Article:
Lucy Perri

It was a cool afternoon when Lucy stepped out of her south Scarborough home offering a bottle of water and wielding a wooden plaque with her engraved name glistening in the golden afternoon sun. The text on the plaque celebrated Lucy Perri for cycling 50,000 kilometers and was awarded by the Canadian Kilometre Achiever Program. In essence, this Scarborough local has biked around the world sharing her passion and enthusiasm for cycling along the way and as she tells it has a lot farther to go to spread the wealth of the cycling lifestyle. Having carried her passion and heritage with her as a young girl from Italy, Lucy sat down with us to talk about her passion and hopes for the future of cycling and urban planning in Toronto.

So what exactly is your involvement in cycling in the city?
I received my first bike when I was four years old and there was a passion about it. Sometimes I asked my mom what made me [this way] because I have a sibling and she is not into cycling at all, and she says it was my father. When I lived in Italy and we lived up north, where you get these cyclists, you know, your big guys up there going up this mountain. And he would bring me there. He would put me on top of his neck and I would see these guys coming up the mountain. So I think it was instilled in me to say, “that’s what I want to do one day.” Time went on and I grew up and [that’s] fine. I was involved in several clubs and it was always to do with cycling. Then I decided I really wanted to be an expert on cycling. I really want to share my joy of cycling; I want to share the benefits of cycling. And I think way back in the ‘90s when Scarborough was still the City of Scarborough cycling wasn’t as big. They had this master plan and I didn’t throw it away because it showed all the [bike] routes in Scarborough. As time went on, I got more involved in cycling. Cycling is so beneficial. As you can see, the car just sits there. I don’t rely on it unless it’s absolutely necessary. My long-term goal is to bring it into the schools. I want it to be in the curriculum. You go to Holland and it’s in the curriculum. It’s instilled in children that cycling is good; you don’t need a car. Granted I’ve been to Europe and the distances aren’t as varied.

I’m curious because I caught a bit of heritage in that. What brought you and your family from Italy?
We’re from Italy, we used to live in Rome. When I came I was just a little kid, I was nine. And from Rome to Toronto 55 years ago was like, “wow, what is this place. Where are we?” We lived in the Jones and Danforth area, a nice little neighborhood over there. That’s why we always go back to the Taste of the Danforth, because it brings back a lot of memories; “Wow, I remember the movie theatre was here, or that was here, this was there.” From there, we moved to this house. We came August of 1965 and we’ve seen a lot of changes. But the only change I saw for the good – supposedly – is that Lawrence Avenue is now three lanes instead of two.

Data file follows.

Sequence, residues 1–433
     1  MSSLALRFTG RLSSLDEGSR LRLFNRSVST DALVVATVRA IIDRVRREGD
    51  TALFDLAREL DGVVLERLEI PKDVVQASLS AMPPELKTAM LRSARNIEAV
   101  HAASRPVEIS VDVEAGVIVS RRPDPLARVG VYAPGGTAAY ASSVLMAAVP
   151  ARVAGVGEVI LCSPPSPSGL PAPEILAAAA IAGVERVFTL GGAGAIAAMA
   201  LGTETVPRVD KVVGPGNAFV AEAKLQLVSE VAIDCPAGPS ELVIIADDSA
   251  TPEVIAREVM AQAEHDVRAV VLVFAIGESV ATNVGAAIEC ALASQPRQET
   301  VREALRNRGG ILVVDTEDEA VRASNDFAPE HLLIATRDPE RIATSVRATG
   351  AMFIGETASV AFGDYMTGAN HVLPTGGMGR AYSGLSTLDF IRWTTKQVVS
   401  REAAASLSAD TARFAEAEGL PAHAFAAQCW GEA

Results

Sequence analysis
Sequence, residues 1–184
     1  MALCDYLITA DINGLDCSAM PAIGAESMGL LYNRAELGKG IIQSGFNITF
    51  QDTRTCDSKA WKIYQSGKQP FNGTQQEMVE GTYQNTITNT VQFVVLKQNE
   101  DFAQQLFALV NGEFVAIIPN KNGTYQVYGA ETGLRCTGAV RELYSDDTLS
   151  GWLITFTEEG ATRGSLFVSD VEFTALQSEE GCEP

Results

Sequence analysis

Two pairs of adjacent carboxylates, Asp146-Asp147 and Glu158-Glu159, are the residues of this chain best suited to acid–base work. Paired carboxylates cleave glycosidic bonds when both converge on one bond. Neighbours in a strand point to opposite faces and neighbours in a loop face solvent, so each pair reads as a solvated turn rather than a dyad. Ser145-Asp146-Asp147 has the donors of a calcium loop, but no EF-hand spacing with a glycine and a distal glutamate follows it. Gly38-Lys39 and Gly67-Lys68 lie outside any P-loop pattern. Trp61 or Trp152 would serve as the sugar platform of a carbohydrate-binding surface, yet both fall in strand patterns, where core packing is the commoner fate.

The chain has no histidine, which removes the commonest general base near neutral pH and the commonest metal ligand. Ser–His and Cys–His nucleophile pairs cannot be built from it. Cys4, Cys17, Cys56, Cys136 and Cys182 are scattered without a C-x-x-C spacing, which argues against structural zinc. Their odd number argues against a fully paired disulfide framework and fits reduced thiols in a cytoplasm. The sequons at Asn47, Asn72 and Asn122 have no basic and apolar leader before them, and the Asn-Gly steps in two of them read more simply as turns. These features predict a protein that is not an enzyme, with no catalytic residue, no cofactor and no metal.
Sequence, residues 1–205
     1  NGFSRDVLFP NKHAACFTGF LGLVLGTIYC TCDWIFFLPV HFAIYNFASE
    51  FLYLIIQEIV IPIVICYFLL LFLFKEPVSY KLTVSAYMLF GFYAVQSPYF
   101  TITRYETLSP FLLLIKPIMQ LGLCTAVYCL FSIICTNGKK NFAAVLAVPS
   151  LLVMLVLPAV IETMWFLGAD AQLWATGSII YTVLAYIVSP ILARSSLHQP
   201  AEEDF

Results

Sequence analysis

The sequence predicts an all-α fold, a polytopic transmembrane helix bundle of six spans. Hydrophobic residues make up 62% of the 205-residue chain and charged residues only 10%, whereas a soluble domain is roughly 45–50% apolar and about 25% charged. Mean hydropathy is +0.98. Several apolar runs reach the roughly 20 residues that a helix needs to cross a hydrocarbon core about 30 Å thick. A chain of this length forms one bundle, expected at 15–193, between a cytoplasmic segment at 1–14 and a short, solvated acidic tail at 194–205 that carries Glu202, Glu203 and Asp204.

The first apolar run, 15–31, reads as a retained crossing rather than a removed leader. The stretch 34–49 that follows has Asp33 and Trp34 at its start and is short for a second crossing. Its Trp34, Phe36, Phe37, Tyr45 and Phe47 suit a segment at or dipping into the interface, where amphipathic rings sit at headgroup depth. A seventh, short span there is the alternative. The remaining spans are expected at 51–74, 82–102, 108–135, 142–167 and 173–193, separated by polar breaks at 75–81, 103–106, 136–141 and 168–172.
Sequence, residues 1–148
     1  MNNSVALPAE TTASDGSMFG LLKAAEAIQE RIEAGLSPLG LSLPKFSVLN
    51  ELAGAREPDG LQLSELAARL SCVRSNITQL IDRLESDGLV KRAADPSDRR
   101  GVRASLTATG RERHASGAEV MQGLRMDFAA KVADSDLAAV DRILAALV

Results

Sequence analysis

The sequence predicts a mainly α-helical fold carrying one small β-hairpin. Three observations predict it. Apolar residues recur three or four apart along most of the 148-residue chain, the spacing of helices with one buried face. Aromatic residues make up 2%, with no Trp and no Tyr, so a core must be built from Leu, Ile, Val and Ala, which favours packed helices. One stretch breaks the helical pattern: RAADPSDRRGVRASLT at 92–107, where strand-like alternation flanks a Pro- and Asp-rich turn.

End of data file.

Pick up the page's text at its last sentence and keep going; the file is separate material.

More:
So tell me a story that happened to you on Lawrence Avenue.
I remember when we had our famous blackout – I remember that well. I used to live at Lawrence and Midland and what I did was put on my fluorescent jacket and I directed traffic right at the corner. That was cool! I loved it! I did that! I got a nice letter from the Mayor too. This was back in August of 2003. I think that was kind of neat.

I really am glad I stopped to talk to you today, especially getting a sense of how involved you are in the community.
Well like I said, I am not afraid to speak my mind. If you don’t say anything and I don’t say anything how are we going to improve ourselves? This is me. And some people might get offended but you always want to improve yourself. Getting back to cycling, I hope whoever our new mayor is really respects us cyclists because it’s the way of the future – it really is! I like to see things happen. Whenever the city asks me to volunteer I’m always there. So why don’t we do it the other way? If I ask for proper bike lanes why don’t they listen to me? I’ve given myself to you as a city, so why don’t you do something for all cyclists?

I think I know the answer, but if there was any one thing you could see erected on Lawrence Avenue it would be…
You know it. Bike lanes. They don’t have to be elaborate. [Lucy springs out of her seat to motion to the cement slab on the sidewalk.] That is a metre right there and it would help us feel more confident and the driver would keep away. But I really recommend more adults take a bicycle safety course. You have to have command! You are a vehicle! Education; I really want to see that.


 


Photo by Eric Slyfield

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